Apparently this tooth has been infected for a long time, and I suspect it might have been making me feel unwell for a while. With any luck my general health with be less dodgy after this. In any case, I'm officially convalescing, and thinking that I might be able to tidy my desk, catch up on some correspondence and maybe even instil some order into my life... though that might be a little ambitious.
The new Australian releases of the first three books are now out in the shops, and in some cases, in large numbers... Borders seems to be giving them a huge push, with a three-for-two offer on the first three books. Which is actually a bit exciting. And I believe the Australian pub date for The Singing is now July. Pub dates seem to be changing all over the place, so when I have straightened my desk (a massive job) I will send a few emails to publishers to get the latest news.
But I agree: The Singing is taking too long! One fan is so impatient she's written her own version, which is presently running to seven chapters. In the meantime, Walker Books has put a teaser - the new first chapter - up on their website as a downloadable pdf. I actually can't wait until it's out, it never feels finished until you can hold the book in your hot little hand...
* Australian for "chicken"
Tuesday, April 22, 2008
This is one of those holding-type posts. I am having a really insanely ridiculously (insert further suitable adjective) over-the-top couple of weeks - of which the most insane bit was the last weekend's Australia 2020 Summit - but there's some Pellinor news just prodding to be communicated.
Anyone feeling a bit short of Pellinor books can go to Between the Lines and enter a competition to win one of 10 sets (my, a set! that sounds brilliant) of the Pellinor series. It simply requires you to explain, in 25 words or less, why you are the biggest fantasy fan. I'm sure that you superlative Pellinor fans can manage that! And meanwhile, some excellent news - The Gift has been chosen as one of 50 "Books You Can't Put Down", that will be part of this year's Books Alive promotion later this year. Do I think that's cool? You bet!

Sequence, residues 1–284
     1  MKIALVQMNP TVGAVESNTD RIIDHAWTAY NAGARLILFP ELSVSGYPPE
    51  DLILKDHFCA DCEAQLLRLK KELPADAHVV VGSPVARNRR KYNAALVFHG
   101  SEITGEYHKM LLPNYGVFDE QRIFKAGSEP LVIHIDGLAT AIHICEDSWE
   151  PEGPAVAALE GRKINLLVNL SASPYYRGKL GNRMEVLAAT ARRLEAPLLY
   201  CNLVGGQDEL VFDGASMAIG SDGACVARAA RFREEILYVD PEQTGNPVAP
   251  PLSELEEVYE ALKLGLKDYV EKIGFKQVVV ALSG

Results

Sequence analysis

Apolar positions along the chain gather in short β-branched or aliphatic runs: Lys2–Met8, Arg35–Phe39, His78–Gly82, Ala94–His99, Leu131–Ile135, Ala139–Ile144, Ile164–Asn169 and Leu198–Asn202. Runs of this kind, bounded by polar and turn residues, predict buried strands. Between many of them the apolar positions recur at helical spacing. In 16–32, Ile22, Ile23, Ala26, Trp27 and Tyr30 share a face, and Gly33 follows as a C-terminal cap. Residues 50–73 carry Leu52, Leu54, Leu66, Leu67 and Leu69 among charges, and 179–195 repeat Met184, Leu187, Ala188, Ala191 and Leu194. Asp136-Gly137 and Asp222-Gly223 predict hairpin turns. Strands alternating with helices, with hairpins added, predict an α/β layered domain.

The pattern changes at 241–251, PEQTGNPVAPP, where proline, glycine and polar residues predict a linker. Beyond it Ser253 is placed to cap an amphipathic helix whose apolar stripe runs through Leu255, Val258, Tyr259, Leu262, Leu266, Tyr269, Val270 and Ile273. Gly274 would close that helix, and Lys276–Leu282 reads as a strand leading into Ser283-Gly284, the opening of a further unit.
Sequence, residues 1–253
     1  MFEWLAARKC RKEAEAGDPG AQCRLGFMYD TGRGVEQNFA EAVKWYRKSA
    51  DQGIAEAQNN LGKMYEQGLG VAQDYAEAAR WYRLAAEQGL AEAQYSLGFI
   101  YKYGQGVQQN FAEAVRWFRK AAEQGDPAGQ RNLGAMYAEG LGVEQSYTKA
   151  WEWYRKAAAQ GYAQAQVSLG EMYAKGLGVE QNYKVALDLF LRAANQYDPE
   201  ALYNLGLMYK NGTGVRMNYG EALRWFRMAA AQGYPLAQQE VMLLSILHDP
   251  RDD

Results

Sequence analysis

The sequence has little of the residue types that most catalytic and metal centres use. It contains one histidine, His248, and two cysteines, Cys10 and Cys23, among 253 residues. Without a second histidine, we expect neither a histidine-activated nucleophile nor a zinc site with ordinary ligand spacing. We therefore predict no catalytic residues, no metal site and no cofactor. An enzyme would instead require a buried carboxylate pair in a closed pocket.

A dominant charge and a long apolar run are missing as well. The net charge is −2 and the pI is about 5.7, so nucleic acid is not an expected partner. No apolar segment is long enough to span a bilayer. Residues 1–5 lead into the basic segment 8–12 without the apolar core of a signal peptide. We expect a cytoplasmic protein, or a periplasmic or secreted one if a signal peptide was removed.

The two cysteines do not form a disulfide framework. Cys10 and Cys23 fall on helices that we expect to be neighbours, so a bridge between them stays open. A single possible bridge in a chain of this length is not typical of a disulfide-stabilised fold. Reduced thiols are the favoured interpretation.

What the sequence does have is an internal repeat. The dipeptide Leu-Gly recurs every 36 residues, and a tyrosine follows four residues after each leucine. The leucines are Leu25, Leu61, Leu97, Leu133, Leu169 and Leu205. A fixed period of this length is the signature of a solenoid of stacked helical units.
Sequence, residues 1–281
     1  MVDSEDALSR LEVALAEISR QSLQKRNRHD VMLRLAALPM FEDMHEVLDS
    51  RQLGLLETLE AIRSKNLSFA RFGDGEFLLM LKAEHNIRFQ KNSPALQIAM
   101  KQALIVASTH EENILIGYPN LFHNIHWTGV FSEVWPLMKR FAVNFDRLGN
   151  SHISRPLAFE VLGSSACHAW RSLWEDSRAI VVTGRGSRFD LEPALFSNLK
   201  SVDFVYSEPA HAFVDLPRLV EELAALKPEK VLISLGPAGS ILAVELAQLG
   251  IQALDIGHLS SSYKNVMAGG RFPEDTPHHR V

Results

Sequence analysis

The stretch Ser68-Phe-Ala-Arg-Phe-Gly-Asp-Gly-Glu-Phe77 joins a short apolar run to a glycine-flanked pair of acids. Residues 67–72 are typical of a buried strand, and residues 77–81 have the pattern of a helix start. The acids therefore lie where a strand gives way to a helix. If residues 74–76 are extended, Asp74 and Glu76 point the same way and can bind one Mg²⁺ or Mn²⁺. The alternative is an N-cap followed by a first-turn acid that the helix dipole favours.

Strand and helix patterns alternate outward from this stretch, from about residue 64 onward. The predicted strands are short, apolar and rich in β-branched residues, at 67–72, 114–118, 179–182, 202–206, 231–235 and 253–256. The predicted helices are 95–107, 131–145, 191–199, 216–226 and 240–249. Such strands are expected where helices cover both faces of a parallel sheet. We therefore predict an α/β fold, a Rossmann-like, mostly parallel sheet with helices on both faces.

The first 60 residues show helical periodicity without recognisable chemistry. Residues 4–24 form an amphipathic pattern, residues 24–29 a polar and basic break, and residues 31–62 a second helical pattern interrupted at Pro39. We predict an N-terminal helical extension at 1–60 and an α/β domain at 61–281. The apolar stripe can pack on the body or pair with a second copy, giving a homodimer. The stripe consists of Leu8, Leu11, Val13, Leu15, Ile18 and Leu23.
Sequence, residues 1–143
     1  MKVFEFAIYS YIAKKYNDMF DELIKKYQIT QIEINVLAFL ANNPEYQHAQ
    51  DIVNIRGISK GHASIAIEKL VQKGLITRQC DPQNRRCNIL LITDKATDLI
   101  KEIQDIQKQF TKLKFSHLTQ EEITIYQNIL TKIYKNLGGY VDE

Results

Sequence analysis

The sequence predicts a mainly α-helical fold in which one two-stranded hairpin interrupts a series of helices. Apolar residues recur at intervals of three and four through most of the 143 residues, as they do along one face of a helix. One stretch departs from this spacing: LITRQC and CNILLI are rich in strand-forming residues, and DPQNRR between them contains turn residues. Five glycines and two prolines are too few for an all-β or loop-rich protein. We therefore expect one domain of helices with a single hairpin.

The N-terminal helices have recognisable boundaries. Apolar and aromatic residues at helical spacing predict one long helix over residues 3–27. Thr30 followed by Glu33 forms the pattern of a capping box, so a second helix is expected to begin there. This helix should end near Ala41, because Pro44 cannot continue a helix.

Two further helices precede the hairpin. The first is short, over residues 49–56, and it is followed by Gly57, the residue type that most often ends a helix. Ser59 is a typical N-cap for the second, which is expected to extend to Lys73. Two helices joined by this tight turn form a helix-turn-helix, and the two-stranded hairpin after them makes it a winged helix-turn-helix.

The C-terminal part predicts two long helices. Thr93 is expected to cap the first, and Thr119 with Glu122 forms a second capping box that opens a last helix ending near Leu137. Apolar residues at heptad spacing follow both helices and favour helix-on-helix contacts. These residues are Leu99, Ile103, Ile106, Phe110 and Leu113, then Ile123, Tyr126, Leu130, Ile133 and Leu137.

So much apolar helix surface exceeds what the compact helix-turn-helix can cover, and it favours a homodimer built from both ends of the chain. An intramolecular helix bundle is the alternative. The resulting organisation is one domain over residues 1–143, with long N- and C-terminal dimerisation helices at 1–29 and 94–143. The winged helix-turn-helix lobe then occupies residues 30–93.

Wednesday, April 9, 2008
I'm turning into one of those terrible bloggers who only turn up to apologise for not blogging. So I'll get the apologies out of the way. Sorry for the long absence... Life has truly been bonkers. Perhaps the most bonkers thing about it is that I have been invited to the Australia 2020 Summit - a gathering in Canberra in which 1000 Australians are supposed to debate future policy. I'm in the Creative Australia stream, as they call it, under the leadership of the Elven Princess herself, Cate Blanchett. Which is at once daunting and exciting. Though who knows if the government will take any notice?
Meanwhile, the big fat proofs of the Australian edition of The Singing are on my dining room table. (And they are big - Penguin is releasing this one in the double size C-format). They look very handsome, and I can't wait to actually have the book in my hand - not long now! And in the past couple of days boxes have been arriving of the new Penguin Australia releases of the Pellinor books (right). They're pretty cool actually - based on the lovely English titles, only with my name in raised silver lettering, like proper airport novels. I think they hit the shops in May. (PS: The only downside is that I feel for those Australian readers who have been buying the books from when they were first released - now there will never be a matching set. Which seems a bit unfair...)
I'm having trouble keeping up (I know that other authors are out in many more countries, but the maths of four books in four countries is already beginning to confuse me). The Riddle is released in Germany on Friday. And then the paperback version of The Crow is out in August ... and I just found the cover online. I think it's gorgeous. And Irc looks more like a crow than on the hardback. On the hardback he looked rather like a seagull.
Meanwhile, I am planning to be in the UK in June, specifically in Norwich, with readings in Cambridge and London, and a few days in Cork in Ireland in early July. I'll be wearing my poetry hat, since I have a new book of poems coming out this year as well, but anyone nearby is welcome to turn up and surprise the poets by asking me to sign a fantasy book (I would quite enjoy that, actually). I'll let you know the dates closer to the day.